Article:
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News Release

New Examples of False Starts Adopted in High School Track and Field Rules


INDIANAPOLIS, IN (July 11, 2023) – In an effort to more clearly define false starts in high school track and field events, two new starting violations have been adopted for the 2024 season.

In Rule 5-7-4c, the previous language which required participants to remain motionless after assuming the set position prior to the starting device being fired, has been replaced with the following:
“If a runner leaves their mark with a hand or foot after the ‘set’ command but before the starting device is fired.”
In addition, a new violation in (d) calls for a violation “if a runner leaves their mark with a forward motion without the starting device being fired.”

Further, a new NOTE in Rule 5-7-4 states that “extraneous motion before the device is fired does not necessarily require a false start to be charged unless the criteria in the rule are met. If the starter thinks the movement creates a situation of unfairness to any of the competitors, the starter may cancel the start with the command ‘stand up,’ or if the device has been fired, recall the race as an unsteady or unfair start and redo the starting procedure.” This NOTE was also added to Rule 8 regarding cross country.

“The rules committee felt that these changes offer a clearer definition of a false start and will help add consistency in how false starts are officiated,” said Julie Cochran, NFHS director of sports and liaison to the NFHS Track and Field Rules Committee.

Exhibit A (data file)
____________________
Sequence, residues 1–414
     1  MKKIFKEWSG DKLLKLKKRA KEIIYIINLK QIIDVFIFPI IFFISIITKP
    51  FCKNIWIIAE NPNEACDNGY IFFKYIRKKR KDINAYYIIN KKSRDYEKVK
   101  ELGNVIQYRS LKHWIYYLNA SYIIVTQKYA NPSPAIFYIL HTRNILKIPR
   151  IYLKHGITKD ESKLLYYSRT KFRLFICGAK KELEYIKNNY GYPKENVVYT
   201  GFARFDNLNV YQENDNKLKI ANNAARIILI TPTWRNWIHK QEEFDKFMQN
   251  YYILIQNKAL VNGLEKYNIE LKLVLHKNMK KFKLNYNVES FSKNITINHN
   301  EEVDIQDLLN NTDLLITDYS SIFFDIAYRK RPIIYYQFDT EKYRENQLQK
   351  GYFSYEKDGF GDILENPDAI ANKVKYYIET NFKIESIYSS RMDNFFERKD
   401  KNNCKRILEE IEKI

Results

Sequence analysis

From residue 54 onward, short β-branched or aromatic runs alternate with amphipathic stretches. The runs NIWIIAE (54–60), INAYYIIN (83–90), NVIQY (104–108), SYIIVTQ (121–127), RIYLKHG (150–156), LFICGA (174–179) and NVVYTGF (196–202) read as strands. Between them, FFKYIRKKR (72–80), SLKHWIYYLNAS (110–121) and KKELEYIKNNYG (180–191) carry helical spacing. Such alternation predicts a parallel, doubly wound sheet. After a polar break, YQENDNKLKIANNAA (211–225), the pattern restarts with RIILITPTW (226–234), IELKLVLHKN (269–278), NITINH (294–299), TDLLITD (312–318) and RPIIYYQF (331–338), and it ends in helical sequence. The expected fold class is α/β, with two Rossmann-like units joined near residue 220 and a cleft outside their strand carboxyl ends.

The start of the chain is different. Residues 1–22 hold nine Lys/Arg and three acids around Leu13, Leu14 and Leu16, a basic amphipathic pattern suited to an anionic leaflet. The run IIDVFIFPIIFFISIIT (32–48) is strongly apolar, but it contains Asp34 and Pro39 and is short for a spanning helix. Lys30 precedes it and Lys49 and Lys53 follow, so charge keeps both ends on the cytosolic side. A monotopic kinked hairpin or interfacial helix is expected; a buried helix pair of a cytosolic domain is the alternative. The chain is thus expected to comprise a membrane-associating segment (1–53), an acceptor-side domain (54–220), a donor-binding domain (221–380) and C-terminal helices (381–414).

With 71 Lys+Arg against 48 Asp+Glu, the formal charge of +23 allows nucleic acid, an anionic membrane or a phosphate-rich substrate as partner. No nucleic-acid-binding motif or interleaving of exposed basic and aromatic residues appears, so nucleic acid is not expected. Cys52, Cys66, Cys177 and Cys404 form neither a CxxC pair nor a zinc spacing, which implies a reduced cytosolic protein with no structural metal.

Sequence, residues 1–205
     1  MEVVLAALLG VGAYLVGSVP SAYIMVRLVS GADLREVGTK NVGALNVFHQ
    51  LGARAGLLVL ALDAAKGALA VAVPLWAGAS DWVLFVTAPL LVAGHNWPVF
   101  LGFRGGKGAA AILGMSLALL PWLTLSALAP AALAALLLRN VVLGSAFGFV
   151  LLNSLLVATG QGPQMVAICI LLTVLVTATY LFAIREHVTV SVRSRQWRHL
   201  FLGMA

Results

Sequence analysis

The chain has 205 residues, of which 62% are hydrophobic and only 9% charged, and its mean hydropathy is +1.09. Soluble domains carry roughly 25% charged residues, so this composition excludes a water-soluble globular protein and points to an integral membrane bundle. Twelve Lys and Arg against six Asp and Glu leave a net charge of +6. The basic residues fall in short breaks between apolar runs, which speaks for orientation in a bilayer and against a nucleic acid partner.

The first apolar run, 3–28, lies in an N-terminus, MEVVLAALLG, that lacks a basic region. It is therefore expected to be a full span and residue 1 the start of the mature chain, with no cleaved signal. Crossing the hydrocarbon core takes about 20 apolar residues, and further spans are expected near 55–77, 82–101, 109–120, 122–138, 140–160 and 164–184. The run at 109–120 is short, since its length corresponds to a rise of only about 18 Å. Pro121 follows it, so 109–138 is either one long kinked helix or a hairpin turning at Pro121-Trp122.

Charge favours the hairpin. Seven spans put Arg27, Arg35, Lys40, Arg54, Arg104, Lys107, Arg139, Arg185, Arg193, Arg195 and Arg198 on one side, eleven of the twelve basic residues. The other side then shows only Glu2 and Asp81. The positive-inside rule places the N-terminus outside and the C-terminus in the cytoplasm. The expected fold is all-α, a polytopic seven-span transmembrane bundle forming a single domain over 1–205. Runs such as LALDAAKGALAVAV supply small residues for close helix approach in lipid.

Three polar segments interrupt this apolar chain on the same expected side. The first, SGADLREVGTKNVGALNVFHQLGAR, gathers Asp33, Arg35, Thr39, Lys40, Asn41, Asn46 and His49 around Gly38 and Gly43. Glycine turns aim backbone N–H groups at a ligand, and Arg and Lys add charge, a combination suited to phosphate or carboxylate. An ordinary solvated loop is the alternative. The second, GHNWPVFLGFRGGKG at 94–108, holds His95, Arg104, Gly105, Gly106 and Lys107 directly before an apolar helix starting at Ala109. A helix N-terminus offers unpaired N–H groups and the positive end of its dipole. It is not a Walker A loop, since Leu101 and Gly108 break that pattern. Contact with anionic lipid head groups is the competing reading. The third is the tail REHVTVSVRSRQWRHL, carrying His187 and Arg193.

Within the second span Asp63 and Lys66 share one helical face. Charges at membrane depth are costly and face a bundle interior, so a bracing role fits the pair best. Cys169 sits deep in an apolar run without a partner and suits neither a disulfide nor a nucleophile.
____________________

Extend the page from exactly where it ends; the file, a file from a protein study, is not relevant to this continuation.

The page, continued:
This change to rules relating to false starts was one of 11 rules revisions recommended by the National Federation of State High School Associations (NFHS) Track and Field Rules Committee at its June 12-14 meeting in Indianapolis. The recommendations were subsequently approved by the NFHS Board of Directors.

A significant change was approved by the committee in Rule 6 regarding field events. In the discus, shot put and javelin, athletes will be permitted to apply tape to their fingers as long as the fingers are not taped together, and all fingers can move independently. The specific language approved by the committee is as follows:

“Tape may be used on the hand and fingers provided that no two fingers are taped together. The tape may be continuous and connect to the wrist, but all fingers must be able to move independently. A wrist wrap used in lieu of tape is acceptable and is not considered an artificial aid.”

In other changes to field events, further definition related to breaking ties was added to Rule 6-3-2b. To address the situation when two or more tied competitors withdraw from the competition/jump-off at the same time, the committee added the following language to determine first place:

Rule 6-3-2b(4)(b) states that “if all competitors eligible for a jump-off withdraw from the competition before the jump-off begins or at a height change, those competitors shall tie for first place, and any team points shall be added together and divided equally among the tying competitors.”

In addition, a NOTE was added to the rule stating that an athlete who withdraws from a jump-off concedes the higher place, but the withdrawal does not negate the athlete’s performance in that event up to the point of withdrawal. In addition, withdrawing from a jump-off is not unsporting conduct.

Another field event change was approved for Rule 6-2-2, stating that in the high jump and pole vault, one minute shall be allowed for the first trial of a competitor first entering the competition. The committee noted this additional language clarifies how the rule is to be interpreted and adds support to the official’s decisions when a competitor enters the vertical jumps after the event has started.